K). The tables (3.8 and 3.9) in CIBSE Guide A 2006 for Rse and Rsi have been developed using these relationships. Values of convective heat transfer

No matter how ‘accurate’ the thermal model may be, there must be realistic understanding of the U value

wwere determined by Jürges in 1928 for forced convection (that is, external wind or caused by air movement devices in the room) and by McAdams in 1954 for free convection, and these still form the basis of the many tabulated values. For the external convective heat transfer coefficient CIBSE Guide C 2007 suggests the use of the relationship[5] hc = 16.7cs

0.5 W/m2 being less than 3.5m/s. So, for example

transfer coefficient hr is dependent on the relative temperature of the surface to its surroundings; however, to accurately predict variations in this is extremely complex. The emissivity factor,

E, will vary directly with the emissivity of the

K for the air velocity, cs

surface and so is more straightforward to enumerate. This can be illustrated most markedly when considering, for example, a bitumen flat roof that has been coated with aluminium paint (as a means of reducing solar gain) that, when freshly applied, would have an emissivity of around 0.3. As the roof ages and accumulates particles from pollution, flora and fauna its emissivity will rise, depending on the condition, towards the emissivity of the original dark bitumen roof (0.9) so increasing the radiant heat loss from the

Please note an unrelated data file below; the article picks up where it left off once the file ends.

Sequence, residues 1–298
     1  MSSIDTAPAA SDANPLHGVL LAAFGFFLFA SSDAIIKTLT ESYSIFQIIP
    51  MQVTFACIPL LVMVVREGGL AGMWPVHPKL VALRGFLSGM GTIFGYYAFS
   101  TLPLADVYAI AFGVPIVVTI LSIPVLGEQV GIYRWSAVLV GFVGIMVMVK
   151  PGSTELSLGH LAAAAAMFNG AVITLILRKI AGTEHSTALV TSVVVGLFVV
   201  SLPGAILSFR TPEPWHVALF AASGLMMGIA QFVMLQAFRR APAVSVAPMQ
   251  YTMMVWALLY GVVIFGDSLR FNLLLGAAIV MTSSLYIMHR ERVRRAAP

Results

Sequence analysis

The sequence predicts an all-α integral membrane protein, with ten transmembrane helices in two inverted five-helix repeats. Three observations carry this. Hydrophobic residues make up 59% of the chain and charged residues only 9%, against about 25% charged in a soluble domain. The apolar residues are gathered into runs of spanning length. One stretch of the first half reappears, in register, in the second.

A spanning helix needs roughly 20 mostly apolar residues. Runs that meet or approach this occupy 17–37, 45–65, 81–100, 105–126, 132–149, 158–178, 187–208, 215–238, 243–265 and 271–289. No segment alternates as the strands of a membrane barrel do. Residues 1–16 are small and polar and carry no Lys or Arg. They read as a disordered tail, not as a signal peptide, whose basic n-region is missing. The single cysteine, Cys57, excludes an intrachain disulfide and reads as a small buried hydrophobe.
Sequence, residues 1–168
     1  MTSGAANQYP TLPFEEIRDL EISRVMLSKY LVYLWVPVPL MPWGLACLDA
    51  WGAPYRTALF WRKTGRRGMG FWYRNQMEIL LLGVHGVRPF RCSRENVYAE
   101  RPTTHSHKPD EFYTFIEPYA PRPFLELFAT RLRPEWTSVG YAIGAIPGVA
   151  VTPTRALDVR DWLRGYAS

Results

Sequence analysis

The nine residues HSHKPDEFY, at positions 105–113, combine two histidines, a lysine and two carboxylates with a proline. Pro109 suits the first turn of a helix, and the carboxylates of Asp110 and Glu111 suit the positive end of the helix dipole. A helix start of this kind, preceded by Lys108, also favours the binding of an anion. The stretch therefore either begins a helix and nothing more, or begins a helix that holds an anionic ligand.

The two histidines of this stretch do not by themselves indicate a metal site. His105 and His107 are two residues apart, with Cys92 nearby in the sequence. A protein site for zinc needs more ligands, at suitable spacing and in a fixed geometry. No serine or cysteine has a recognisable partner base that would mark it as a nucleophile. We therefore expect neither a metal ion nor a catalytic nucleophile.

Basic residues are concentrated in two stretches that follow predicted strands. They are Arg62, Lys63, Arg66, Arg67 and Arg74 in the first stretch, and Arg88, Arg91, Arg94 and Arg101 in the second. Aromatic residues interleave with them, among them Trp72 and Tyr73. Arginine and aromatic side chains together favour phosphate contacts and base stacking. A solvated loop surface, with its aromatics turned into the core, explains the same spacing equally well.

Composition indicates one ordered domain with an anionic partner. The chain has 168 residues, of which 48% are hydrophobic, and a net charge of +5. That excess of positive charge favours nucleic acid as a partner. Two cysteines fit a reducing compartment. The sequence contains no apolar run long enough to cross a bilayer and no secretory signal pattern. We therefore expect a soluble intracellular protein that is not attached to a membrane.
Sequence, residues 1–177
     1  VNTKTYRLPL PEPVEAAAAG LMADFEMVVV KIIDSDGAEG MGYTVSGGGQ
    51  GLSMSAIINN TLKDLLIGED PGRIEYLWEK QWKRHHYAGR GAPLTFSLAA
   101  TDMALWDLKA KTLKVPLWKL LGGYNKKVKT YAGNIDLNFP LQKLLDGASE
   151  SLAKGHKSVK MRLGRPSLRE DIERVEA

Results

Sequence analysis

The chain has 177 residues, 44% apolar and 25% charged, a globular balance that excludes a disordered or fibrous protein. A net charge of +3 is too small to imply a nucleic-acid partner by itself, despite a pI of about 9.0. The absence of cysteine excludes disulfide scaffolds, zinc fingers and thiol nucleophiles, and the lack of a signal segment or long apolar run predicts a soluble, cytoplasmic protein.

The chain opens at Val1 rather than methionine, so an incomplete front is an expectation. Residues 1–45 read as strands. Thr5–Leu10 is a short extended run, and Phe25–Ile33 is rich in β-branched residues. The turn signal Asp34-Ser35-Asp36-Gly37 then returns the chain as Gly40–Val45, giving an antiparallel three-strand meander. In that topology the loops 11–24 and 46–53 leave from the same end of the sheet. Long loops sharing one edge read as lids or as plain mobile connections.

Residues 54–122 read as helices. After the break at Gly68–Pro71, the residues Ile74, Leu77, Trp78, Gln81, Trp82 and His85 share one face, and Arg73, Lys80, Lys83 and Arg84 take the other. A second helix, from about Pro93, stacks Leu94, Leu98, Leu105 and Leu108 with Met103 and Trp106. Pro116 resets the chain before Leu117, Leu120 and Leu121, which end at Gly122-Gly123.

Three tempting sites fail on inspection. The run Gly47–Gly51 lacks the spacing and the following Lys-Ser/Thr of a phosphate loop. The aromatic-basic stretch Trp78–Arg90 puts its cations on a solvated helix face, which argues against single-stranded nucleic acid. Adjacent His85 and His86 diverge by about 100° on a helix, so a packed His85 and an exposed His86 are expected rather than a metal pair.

For a 3.5 m/s air speed passing over that same surface with an emissivity of 0.8, the value of K/W. If

the wind speed had stayed the same and the surface’s emissivity had

risen to 0.8, the value of Rse would still have reduced to 0.039 m2

to the original value of 0.045 m2

K/W compared K/W.

Practical implications This article has touched on some of the variables in the thermal performance of building constructions in use. Combined with the challenges of calculating a representative U value for building elements that are made of several layers of ‘non-homogenous’ (varying) materials means that a pragmatic approach to heat loss and energy calculations is required. No matter how ‘accurate’ the subsequent thermal model may be, there must be a realistic understanding that the underlying U value cannot be considered an absolute constant. © Tim Dwyer


1. BS EN ISO 6946:2007 Building components and building elements… Calculation method

2. Table A3.2, CIBSE Guide A, 2006

3. Abou A. Budawi,I. ‘Comparison of Thermal Conductivity Measurements of Building Insulation Materials under Various Operating Temperatures’, Journal of Building Physics, Vol. 29(2), October 2005

4. Hu, T. Lie, G et al, Thermal Properties of Building Materials at Elevated Temperatures. National Research Council, Canada, 1993

5. Loveday D L and Taki A H, ‘Outside surface resistance: proposed new value for building design’, Proc. CIBSE A: Building Serv. Eng. Res. Technol. 19(1) 23–29 (1998)

May 2011 CIBSE Journal 69